And little did I know, my dad thought I had cancer, and he expressed my weight loss—which I was still surprised by—to my doc. So, I was tested for everything. All the tests came back saying I was healthy as a horse. Cholesterol, blood sugar—everything was perfect. There was no rhyme or reason for my weight loss—it just happened. However, weighing 105lbs and being, by that point, 5’5”, my doctor said I was severely underweight, and I was put under doctor’s orders to eat cheese burgers and milkshakes as much as possible.
My weight loss received mixed reviews. My sister was the first to be supportive; she went out and bought me a pair of size 5 skinny jeans—they fit like a glove. It was the happiest jeans experience I’d ever had. (I didn’t have to shop and I fit a healthy size. Two big wins.)
But other people weren’t so kind. My grandmother—who weighed 75lbs in college, the same age I was then—kept bemoaning “somebody feed this child”, her passive-aggressive way of saying I was too skinny. Sometimes, she flat-out said I was too skinny and didn’t look good—like I was doing it all on purpose.
A so-called friend told my sister I was bulimic—which was ridiculous; if you don’t throw up from appendicitis AND peritonitis, you just don’t throw up. This bitchery happened around the time I was having some enamel problems with my teeth. It was the perfect murder. I looked guilty as sin. My sister, with good intentions, told my dentist. In a fatherly way, he tried to convince me to not throw up anymore. When I told him I hadn’t thrown up in ten years, he didn’t believe me. Suddenly, everyone around town knew me as bulimic, and nothing could be further from the truth.
Fortunately, I started hanging around with an old friend of mine who’d recently split up with her fiancé. Like me, she was naturally tiny. She told me there was nothing wrong with being skinny, that I was beautiful the way I was, and that anyone who tried to tell me otherwise was an asshole. For months, I felt like I was walking around with a scarlet B stitched to my sweater for something I hadn’t done, but her kindness gave me the strength to shove all that negativity aside and be myself. And, together, we drank three whole-milk lattés a day, and indulged in a nightly “second dinner” at McDonald’s where we’d each down a double cheeseburger, fries, and a warm chocolate chip cookie. Neither of us gained a pound. And that was okay.
For the next couple of years, I lived my life like that and remained healthy the whole time. I started university. I would climb sometimes upwards of thirty flights of stairs a day, walk a couple of miles, and still have energy to spare. Being thin made me happy, because it was the weight I felt healthiest at. I could do all the things I wanted to do. I could be the person I wanted to be. It was like my life had been given back to me and I lived it for all it was worth (or tried to, anyway).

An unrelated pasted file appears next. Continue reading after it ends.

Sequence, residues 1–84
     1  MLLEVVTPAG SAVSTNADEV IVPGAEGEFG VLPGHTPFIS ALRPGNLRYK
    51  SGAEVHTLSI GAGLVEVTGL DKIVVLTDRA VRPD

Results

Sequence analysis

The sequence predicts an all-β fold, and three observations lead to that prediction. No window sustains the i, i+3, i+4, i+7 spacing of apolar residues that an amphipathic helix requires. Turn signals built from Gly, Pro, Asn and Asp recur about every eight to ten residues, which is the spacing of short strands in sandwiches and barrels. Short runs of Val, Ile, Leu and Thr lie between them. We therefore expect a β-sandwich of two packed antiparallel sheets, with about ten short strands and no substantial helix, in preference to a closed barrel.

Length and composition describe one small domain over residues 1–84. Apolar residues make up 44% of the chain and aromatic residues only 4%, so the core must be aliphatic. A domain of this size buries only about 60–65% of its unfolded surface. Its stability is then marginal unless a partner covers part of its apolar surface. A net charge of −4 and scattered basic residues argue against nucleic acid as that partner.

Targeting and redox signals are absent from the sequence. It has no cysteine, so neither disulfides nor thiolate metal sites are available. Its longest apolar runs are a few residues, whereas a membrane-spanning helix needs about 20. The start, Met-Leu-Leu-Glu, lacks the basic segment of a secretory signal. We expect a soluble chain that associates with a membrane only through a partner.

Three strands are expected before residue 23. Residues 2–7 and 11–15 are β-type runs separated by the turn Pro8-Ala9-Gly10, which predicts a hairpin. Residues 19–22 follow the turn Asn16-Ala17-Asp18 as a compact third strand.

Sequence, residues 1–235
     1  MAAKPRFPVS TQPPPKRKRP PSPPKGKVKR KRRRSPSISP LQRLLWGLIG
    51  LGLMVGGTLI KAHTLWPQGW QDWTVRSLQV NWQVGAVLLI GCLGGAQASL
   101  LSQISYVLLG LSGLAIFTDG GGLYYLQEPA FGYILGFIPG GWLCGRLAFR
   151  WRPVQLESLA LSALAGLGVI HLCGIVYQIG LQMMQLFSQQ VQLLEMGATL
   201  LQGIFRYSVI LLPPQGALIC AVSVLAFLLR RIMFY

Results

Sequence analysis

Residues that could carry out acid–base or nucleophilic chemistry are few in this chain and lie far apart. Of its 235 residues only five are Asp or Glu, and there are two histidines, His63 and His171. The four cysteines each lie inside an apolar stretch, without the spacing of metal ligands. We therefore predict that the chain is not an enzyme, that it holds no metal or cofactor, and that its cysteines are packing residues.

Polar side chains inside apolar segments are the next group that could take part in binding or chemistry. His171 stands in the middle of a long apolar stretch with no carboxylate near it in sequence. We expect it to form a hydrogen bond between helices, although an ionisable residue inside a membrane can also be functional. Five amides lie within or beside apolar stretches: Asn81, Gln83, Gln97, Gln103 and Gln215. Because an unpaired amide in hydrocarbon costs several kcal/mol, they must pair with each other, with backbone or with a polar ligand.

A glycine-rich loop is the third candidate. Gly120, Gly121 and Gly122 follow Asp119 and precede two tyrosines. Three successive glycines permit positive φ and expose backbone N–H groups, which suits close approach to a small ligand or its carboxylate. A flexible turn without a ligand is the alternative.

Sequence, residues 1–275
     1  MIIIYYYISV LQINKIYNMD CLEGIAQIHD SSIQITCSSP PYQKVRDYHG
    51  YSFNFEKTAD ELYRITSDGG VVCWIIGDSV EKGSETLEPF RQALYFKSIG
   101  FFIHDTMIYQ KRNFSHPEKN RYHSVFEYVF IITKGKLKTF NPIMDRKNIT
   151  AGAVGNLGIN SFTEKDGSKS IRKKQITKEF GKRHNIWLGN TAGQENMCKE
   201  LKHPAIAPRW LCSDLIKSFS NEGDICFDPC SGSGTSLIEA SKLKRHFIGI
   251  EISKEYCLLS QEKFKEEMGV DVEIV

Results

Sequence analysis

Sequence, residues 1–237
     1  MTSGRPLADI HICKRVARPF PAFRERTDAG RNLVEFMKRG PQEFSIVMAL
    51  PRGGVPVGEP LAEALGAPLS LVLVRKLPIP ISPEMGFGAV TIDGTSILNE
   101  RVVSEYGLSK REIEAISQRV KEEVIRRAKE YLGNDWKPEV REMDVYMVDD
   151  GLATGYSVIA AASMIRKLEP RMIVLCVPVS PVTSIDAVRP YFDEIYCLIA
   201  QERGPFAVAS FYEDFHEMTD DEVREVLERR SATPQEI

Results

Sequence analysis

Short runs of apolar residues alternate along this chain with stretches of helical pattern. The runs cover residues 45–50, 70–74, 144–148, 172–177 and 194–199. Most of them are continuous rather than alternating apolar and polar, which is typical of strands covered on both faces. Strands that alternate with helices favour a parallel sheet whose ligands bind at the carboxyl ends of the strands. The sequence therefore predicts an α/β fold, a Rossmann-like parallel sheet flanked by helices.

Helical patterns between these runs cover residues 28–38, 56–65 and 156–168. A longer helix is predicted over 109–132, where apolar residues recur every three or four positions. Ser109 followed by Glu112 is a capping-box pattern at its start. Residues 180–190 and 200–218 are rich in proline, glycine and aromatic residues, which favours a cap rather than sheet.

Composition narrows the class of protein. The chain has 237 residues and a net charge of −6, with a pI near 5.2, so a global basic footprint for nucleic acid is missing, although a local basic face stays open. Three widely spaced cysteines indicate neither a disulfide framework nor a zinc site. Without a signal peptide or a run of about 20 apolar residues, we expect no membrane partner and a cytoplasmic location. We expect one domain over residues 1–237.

But when I was about twenty, I had several tragic experiences strike in rapid succession (one being a car accident so severe, it was literally a miracle that I walked away from it). I started getting sick all the time. My body ached, my throat hurt, I could barely walk. My injured shoulder from my car accident wouldn’t heal. I was miserable. Eventually, I was diagnosed with lupus, an autoimmune disorder (like asthma) that can affect literally every part of your body, from your brain to your joints to your skin. And, like asthma, the treatment for lupus flares is corticosteroids. And I was given a lot of them.
By the end of the year, I gained 100lbs. I gained 100lbs eating salad and drinking water. That is the power of corticosteroids. It doesn’t matter who you are. You don’t have to eat extra. The drugs change the way your body metabolizes sugar, and they literally hold onto every calorie you consume. Corticosteroids have saved my life, and many others, but this is the price most of us pay. And it is truly terrifying.
There is nothing more harrowing to the soul than to look in the mirror and not see your own face staring back at you. I developed the “moon face” characteristic of Cushing’s syndrome (what happens when you take steroids for long enough). My face was completely round. Pictures don’t exist from when this was at its peak. I couldn’t bear to let a camera near me.
My body became a terrifying nightmare. I was terrified of the weight I gained. It wasn’t only about looks. It was about the fear of knowing that I got out of breath just by walking to the bathroom. So, I did the only thing I could do. As soon as the doctor said it was safe, I stopped taking the corticosteroids.
It’s been over a year now since I was at my peak weight. I’ve lost over thirty pounds. I’m stronger. And I’m starting to see my face again. Do you know how happy that is? It’s like seeing your best friend after years apart. All you want to do is hug them and ask them never to leave again, and hope they never do. (Except, hugging your face is weird. But I still feel it in my heart.)
Lupus permitting, I fully intend to continue on this new trend of better overall health, including weight loss.
One thing being every size has taught me is that my body is for me. The same men that found me attractive at 105lbs still found me attractive 100lbs later. The same people who loved me at my smallest loved me at my biggest. All the other people—they don’t matter. All that matters is me and my health. Ideally, I’d like to weigh 120lbs, but as you can see from my story, I’ve had very little control in the past. If I get super skinny again, it’s just me. And if I stay my current weight, providing I’m healthy, then that’s me too. I am always me. What I weigh won’t change that.
As women, the biggest demons we face are the ones we see every day: family, friends, the media—even ourselves. My random weight fluctuations have made me feel every emotion from happy, to sad, to angry, to terrified. And if I’m writing this story for any reason whatsoever, it is to beg you—don’t let them dictate how your body should look, and how you should feel about your body. Your health is all that matters. If you’re healthy, you can find happiness. I promise you.